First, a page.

a tardy review of a show at yoko and a critique of expat cultural production that earnestly reads like a rather dated cry for better abstract expressionism

the review      

Stepping into the redesigned Yoko, I greet the doorman with a nod, and look up. A skyline of stolid silhouettes jerked to unsyncopated rhythm, pulsing with each tremolo scratch. The experimental pastiche is pulling their heads forward in random cycles, as if some monstrous question were being exorcised from the audience. Hanging off of the white walls are comic-portraits of John Lennon, Kurt Cobain and the like, each framed with a single-served quote-to-enlightenment.

Everything is black, or blue from the artist’s five meter runway of synthesizers and record players. I look up to see the introvert’s nest I remember retreating to last year. Empty space has replaced the loft.

fitting

fitting

I also notice an apparently non-functional A/C. Take a deep breath. The air is thick, watered down. I can smell bodies, perfumed and not. Also, whiskey? From the entrance, the bar’s bland white fluorescent light spills over more silhouettes in the far-out right. The customers stand there, no cash in hand. I continue up the stairs and navigate through a plethora of pillars decorated with woven wood-urns, dying candles and brand-new ashtrays. Conspicuous cosmopolitan eyes guide me to the menu. It’s as thick as a magazine, all done up and gleaming with the white light’s reflection. Unfortunately, perhaps pretentiously, the beer is 69K VND and up. Oh well, I thought, there’s cheap beer across the street and as long as I look beneficially busy, no one will object to externally purchased booze. I decide to splurge and buy a G&T (120K). The servers speak English fairly well, although it took an awkward exchange to learn that my Viet-accented English was unnecessary.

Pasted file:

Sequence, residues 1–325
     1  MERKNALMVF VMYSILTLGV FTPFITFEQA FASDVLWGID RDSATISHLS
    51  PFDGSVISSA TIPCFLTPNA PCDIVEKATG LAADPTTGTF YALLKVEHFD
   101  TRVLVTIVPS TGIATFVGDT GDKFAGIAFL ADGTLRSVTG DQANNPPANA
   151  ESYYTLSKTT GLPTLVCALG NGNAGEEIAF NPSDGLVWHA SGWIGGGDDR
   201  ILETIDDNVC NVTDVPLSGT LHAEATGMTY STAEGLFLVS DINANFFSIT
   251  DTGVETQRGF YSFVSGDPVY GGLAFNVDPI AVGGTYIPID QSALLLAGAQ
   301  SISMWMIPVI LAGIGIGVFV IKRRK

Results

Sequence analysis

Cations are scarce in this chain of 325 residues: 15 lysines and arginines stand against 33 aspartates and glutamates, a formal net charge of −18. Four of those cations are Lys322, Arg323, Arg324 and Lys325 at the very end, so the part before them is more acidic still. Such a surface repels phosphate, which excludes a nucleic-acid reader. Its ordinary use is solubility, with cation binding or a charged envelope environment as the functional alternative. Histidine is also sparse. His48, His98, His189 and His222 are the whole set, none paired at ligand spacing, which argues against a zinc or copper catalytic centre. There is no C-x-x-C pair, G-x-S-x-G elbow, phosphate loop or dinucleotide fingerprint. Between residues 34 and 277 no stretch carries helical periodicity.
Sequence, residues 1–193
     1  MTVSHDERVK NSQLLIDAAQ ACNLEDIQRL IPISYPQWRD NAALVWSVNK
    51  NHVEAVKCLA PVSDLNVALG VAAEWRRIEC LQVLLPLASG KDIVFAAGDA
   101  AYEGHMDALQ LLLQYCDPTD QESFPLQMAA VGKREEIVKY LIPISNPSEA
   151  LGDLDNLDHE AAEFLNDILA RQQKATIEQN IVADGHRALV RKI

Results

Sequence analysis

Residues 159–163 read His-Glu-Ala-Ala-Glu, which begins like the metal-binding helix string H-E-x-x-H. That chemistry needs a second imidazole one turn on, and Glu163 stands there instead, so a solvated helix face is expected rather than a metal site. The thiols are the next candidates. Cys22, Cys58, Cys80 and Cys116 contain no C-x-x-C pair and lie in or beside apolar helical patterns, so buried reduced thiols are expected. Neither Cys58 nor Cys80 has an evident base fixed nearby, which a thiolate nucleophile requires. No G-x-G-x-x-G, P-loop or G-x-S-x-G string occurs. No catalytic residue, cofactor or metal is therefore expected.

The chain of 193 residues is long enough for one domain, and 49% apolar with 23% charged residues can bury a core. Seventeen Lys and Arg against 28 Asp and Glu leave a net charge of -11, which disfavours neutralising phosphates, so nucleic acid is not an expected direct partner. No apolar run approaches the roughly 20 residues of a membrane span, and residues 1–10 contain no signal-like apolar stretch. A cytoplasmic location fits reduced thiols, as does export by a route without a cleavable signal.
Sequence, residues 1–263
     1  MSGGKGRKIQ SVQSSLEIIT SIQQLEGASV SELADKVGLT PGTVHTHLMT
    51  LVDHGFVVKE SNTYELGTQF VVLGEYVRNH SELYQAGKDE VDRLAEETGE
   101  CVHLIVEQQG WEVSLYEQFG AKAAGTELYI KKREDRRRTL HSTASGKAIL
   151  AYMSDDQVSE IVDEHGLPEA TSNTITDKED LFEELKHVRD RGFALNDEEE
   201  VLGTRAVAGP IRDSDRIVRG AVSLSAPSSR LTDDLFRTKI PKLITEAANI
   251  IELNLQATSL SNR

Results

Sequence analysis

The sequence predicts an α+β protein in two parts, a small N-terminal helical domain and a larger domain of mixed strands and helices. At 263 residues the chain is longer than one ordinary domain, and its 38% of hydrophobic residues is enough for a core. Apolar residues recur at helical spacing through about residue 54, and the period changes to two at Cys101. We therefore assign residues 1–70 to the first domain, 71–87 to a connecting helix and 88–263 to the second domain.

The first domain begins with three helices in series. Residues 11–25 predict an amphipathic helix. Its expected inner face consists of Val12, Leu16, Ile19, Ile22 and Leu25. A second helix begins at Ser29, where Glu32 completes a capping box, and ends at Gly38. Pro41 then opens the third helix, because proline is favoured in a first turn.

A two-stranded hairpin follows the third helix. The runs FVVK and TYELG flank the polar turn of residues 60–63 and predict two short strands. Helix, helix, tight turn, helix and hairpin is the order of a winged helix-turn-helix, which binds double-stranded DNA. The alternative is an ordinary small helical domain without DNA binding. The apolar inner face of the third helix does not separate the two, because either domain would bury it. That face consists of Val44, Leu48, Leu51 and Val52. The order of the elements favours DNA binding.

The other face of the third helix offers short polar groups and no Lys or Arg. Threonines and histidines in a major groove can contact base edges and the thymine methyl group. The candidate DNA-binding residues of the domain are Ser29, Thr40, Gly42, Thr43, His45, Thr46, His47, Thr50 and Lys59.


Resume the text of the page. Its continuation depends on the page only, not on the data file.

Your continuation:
After several “excuse me’s” and bright-eyed smiles, I hugged my German Viet-kieu friend at the front of the crowd and saw the spectacle I’d come for.  It took a few seconds for me to realize why Yoko had changed. Or rather the kind of venue it might become. On the screen, images of average Saigon sights; xe oms, food stands, and other small businesses. I began to wonder why only businesses with no upward or downward momentum were chosen.

not yoko, but the feeling's parallel

not yoko, but the feeling’s parallel

As my thoughts began to dive into postindustrial squalor, the image was cut out, piece by piece, and lines of static appeared at the top and bottom. Imagine an old VCR fast-forwarding long enough to achieve sentience. A rainbow of colors and fractal effects begin to fill the bodies, overwriting them one organ at a time. The next few minutes feature traditional Viet hats resting on a Fibonacci sequence resting on a hoodie proclaiming “USA #1.”

This show wasn’t just entertainment; it’s a reproduction of a city casually reinterpreting its place in a possibly non-mutual consummation with neo-colonial markets. A regular cannibal’s Babel, Yoko is. Two obligatory femme fatals shook their stuff to the left of the screen, baiting me to join in. A tall blond man to my right smiles and gives me a thumbs-up, nodding, to dismiss any doubt. But before I could bite, the projector switched functions, and suddenly the crowd was displayed on screen: silhouettes of static noise, fractals and bubbles pushing and melting into everyone’s crossed arms. Only the girls moved like the screen. Everything was scratches with velvet and perfume. A dolly shot of five ambiguous bubble-shadows standing in a semicircle. The girls and their go(o)ds. Scene.